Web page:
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Your POS System is a Data Mine and Can Improve Your Marketing

Your Point-of-Sale (POS) system holds a substantial amount of data about your customers and the products they buy. So, if you are just letting that data sit around, you could be missing out on a treasure trove of marketing data. Experts from the research company Growth from Knowledge (GfK), which gathers tire sell-out data from tire dealer POS systems across the country, and the Tire Industry Association (TIA) urged dealers to utilize that data in a recent webinar about useful marketing techniques. They identified the most important part of marketing as using POS data to market to a specific customer base.

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“We want [tire dealers] to send customized offers, designed to meet [the customers] needs. We like to say, ‘send the right message to the right customer, with the right discount at the right time using the right media – that’s a recipe for success,” says Neil Portnoy, managing director of POS tracking at GfK.

Portnoy explains that target marketing, or marketing to a specific customer, is a much more effective tool than any other form of mass marketing. In other forms, results often vary, but with target marketing, dealers can pinpoint the exact customer and tailor an offer to their needs based on their vehicle’s maintenance intervals.


Portnoy recognizes that with a rough last couple of years, everything from supply delays to staffing challenges may have halted or disrupted marketing efforts for tire dealers. In order for dealers to take advantage of their target market, Portnoy says they should first understand the challenges that are present and learn how to overcome them.

“Competition is fierce,” says Portnoy. “We have heard from not only tire dealers, but from their ad agencies and marketing firms that results from marketing are spotty. We want tire dealers to feel comfortable if they make an investment in marketing that they’re going to get an acceptable ROI [return of investment] on it. To do that, they need to measure the effectiveness of the dollars they spend.


“[Measurement] is really about getting smarter and learning and going back to the market with more confidence that you are going to get the desired ROI from your marketing dollars. We believe there are big challenges, but we also believe that if we’re smart about it, we can overcome these challenges.”

Your Target Marketing Strategy

Dave Stevens, vice president of POS tracking for GfK, details six important steps to fully unlock the potential of your POS data. Those include:

  • Having access to your POS data;
  • Grouping vehicles into categories;
  • Summarizing data to develop customer/vehicle profiles;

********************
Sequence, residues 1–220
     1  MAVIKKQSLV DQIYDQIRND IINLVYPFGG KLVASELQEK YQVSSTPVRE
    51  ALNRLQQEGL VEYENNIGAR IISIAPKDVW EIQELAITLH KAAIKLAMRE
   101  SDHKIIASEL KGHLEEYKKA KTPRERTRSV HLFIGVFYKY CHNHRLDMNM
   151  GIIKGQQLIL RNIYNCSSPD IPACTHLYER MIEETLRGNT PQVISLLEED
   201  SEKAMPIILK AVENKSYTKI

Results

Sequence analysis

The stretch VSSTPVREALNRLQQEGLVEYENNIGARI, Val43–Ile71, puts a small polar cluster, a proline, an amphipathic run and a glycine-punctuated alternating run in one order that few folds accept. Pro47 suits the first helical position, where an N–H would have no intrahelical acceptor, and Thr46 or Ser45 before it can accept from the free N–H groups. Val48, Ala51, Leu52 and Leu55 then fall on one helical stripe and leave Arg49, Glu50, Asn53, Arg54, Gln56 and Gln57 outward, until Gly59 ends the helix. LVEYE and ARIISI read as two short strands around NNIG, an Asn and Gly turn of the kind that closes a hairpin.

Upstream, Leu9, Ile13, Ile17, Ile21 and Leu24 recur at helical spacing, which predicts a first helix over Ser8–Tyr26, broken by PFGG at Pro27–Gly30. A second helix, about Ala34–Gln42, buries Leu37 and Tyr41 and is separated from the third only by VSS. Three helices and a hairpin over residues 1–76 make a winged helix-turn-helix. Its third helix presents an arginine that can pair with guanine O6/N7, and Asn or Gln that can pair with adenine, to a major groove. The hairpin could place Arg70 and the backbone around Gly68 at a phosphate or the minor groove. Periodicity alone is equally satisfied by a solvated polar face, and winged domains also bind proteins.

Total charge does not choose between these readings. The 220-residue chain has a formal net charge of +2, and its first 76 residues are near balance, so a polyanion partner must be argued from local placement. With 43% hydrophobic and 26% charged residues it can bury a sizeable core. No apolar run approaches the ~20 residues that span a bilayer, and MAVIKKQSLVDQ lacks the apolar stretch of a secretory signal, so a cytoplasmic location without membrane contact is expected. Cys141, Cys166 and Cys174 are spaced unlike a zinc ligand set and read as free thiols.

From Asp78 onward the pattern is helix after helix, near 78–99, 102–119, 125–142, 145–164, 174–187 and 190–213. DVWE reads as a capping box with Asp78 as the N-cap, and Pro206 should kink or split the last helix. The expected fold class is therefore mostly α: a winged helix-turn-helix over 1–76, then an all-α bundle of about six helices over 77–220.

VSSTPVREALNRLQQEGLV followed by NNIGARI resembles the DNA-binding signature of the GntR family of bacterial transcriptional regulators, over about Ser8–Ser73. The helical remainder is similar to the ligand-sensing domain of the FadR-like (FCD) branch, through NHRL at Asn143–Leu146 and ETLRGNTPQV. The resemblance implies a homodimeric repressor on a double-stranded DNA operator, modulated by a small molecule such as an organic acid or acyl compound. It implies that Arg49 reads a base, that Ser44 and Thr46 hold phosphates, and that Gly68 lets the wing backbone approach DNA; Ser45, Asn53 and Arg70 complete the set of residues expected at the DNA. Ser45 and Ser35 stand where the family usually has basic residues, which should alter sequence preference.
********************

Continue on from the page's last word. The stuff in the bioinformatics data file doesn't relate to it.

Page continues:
• Deciding on key performance indicators (KPI) to influence actions;
  • Implementing those actions;
  • Measuring all the results once finished.

“That’s really what segmentation is,” he says. “The key element is the ability to summarize your data to develop customer or vehicle profiles. You’re looking at those car counts. And when you summarize those over different time periods, you can start to understand trends and see opportunities within your own stores and within your own areas to develop a focus.”

For example, dealers can group the type of vehicles that come in and the services provided for them into different categories, Portnoy says. Understanding the difference between customers who do not come in often for services (low-value) and those that do (high-value) along with grouping vehicles/services into categories will increase a shop’s ability to market toward a specific type of customer.


Stevens explained that small or mid-sized tire dealers can implement some of these audience tactics on their own, in case they do not want to hire or train someone to be their marketing coordinator. He says with properly analyzing and segmenting POS data dealers can take advantage of social media advertising with Google, Instagram or other sites – but the most important thing to start with is the POS and make the most of that data source.

“With some simple analysis, some segmentations, some grouping of attributes, as well as summarizing that data, you can really start to identify areas where you can drive profit, bring in those higher value, higher-dollar-figure customers into your base and know exactly how to target them,” Stevens says.


Portnoy looked to big-box retailers, which he says have been doing target marketing for years. He advised dealers to understand the composition of customers in their area, learn how to communicate with them, how to drive them in and how to find and attract more high-value customers (those who have work done at the shop regularly).

In this industry, there is always room to grow and enhance customer relationships no matter how much a dealer thinks they know their market already, Stevens says.

“[Dealers] understand their marketplace better than anybody,” he says. “Really what they could focus on here is the opportunity for more sustained profitability.”

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